This is a reasonable fee given the time it requires for an experienced Oncologist to read through the details of your medical history. You may alternatively, enlist the assist of your own Oncologist to assist you with completing the questionnaire.

Are there other alternatives by which i can get assistance to fill up the questionnaire?

You could consider the possibility of bringing the short questionnaire to your treating Oncologist. He or she should be able to provide the most relevant clinical information within a few short minutes.

Will searching for trials on Oncoshot create problems between me and my Oncologist?

Not at all. We are not a service that aim to replace your personal Oncologist.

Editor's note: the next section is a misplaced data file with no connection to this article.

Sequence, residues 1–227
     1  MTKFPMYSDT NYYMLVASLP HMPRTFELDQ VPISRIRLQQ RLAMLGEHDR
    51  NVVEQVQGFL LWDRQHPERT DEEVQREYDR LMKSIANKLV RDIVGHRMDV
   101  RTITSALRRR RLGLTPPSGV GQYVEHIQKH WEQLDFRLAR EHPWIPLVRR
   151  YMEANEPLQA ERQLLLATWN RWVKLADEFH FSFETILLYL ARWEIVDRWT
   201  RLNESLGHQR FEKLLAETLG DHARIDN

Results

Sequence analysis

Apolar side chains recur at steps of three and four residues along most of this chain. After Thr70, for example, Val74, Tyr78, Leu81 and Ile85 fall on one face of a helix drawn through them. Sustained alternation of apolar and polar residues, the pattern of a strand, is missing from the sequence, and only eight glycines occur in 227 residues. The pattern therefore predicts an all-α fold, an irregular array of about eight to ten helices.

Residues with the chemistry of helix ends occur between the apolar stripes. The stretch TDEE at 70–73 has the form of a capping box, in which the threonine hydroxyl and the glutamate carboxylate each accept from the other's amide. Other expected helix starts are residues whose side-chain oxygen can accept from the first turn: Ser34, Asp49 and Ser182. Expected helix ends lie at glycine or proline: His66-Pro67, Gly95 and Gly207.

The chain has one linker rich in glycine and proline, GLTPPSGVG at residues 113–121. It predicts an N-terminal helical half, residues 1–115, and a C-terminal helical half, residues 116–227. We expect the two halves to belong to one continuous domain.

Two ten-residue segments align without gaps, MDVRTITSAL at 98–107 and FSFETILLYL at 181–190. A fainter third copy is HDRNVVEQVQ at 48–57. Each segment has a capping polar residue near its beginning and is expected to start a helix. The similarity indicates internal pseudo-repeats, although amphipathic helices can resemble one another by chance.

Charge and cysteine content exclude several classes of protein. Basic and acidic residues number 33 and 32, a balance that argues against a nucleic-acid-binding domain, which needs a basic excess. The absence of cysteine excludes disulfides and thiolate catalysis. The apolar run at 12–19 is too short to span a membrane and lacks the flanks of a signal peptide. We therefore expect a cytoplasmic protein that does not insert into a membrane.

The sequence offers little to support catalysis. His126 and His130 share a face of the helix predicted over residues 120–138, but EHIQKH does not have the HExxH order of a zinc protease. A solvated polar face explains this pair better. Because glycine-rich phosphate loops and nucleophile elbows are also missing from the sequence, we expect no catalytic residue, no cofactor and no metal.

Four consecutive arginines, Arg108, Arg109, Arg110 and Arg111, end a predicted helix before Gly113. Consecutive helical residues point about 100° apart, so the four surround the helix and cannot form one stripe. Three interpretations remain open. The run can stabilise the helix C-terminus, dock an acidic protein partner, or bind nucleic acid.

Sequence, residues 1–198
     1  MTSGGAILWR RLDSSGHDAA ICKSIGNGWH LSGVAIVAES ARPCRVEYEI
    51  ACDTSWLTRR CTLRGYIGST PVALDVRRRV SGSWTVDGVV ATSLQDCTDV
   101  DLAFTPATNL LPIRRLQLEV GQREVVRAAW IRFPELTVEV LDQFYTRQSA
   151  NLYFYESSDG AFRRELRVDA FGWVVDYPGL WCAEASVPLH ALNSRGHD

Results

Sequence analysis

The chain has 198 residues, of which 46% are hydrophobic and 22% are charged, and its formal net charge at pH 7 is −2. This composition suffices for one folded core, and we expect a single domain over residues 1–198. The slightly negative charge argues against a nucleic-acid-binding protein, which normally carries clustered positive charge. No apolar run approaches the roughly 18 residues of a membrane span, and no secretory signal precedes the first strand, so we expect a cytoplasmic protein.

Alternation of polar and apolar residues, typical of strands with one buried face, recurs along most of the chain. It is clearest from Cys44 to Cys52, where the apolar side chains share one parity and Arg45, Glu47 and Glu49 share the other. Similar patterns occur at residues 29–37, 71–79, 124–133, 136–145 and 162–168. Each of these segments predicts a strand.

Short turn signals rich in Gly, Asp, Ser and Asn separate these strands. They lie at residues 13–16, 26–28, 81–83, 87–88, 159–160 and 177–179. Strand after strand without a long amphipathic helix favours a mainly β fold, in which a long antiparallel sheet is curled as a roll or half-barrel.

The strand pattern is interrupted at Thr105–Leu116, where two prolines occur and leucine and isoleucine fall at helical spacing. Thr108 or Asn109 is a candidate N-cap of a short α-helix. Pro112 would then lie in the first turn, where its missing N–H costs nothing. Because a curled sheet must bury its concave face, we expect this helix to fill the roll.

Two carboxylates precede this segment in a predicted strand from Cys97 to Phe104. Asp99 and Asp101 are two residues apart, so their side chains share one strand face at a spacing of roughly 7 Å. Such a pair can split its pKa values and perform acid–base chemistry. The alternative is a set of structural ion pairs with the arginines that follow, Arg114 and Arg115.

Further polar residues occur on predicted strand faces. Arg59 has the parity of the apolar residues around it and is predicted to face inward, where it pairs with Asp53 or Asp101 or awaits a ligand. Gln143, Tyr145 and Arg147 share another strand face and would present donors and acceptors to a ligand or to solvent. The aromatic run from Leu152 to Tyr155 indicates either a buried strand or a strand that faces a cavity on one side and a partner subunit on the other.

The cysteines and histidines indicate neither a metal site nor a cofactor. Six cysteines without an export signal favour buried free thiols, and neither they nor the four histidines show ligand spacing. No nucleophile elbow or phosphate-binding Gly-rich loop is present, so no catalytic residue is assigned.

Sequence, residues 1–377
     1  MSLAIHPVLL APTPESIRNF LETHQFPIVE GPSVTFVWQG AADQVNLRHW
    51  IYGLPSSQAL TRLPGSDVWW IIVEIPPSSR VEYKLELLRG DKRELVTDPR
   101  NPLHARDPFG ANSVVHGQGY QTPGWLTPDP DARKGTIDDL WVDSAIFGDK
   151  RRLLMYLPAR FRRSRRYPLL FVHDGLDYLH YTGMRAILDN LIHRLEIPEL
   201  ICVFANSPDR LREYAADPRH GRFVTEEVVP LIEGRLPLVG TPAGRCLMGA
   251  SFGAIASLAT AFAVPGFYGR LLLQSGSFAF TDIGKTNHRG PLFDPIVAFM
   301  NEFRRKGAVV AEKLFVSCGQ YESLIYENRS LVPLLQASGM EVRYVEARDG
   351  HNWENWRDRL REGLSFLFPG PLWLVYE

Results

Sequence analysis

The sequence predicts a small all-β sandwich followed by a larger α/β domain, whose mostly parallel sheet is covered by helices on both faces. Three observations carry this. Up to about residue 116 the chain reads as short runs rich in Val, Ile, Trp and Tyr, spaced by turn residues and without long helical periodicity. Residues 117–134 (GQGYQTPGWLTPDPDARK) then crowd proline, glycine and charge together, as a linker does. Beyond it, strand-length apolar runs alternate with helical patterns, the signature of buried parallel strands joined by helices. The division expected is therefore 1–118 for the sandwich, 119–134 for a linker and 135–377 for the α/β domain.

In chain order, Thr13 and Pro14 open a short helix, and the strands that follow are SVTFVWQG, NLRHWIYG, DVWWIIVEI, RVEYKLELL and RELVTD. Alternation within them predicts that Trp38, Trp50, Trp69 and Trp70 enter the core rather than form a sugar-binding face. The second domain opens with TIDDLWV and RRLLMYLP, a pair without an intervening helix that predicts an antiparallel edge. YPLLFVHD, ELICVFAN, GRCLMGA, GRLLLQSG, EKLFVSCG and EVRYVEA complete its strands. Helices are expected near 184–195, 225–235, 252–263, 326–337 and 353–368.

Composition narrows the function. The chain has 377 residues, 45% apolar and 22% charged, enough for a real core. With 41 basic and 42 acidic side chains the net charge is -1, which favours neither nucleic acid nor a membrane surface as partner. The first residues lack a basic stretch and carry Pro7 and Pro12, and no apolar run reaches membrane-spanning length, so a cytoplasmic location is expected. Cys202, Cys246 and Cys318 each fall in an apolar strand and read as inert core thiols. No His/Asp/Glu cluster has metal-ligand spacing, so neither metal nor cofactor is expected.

The current landscape for cancer trials is rapidly increasing in complexity and it is becoming an increasing challenge for Oncologists to keep track of new trials that are being opened outside their area of practice. We aim to provide you with highly valuable information on available trials which you can now bring to your oncologist and discuss about. Sharing features within our platform allow you to directly print out or email the list of shortlisted trials for further discussion with your oncologist before you decide to connect with trial contacts.

Should i immediately connect with a trial contact person when it is recommended by Oncoshot?

We generally recommend that the list of shortlisted trials be discussed between both patient and their treating Oncologist. With the support of your Oncologist, you may be able to identify certain issues with your self created profile that may require further adjustment and a repeat search.

Does Oncoshot provide information on Early Access Program?

Our current focus is on enhancing the matching capabilities of Oncoshot and facilitating rapid trial enrolment. Early Access Program are aspects of care which we hope to pursue in the near future.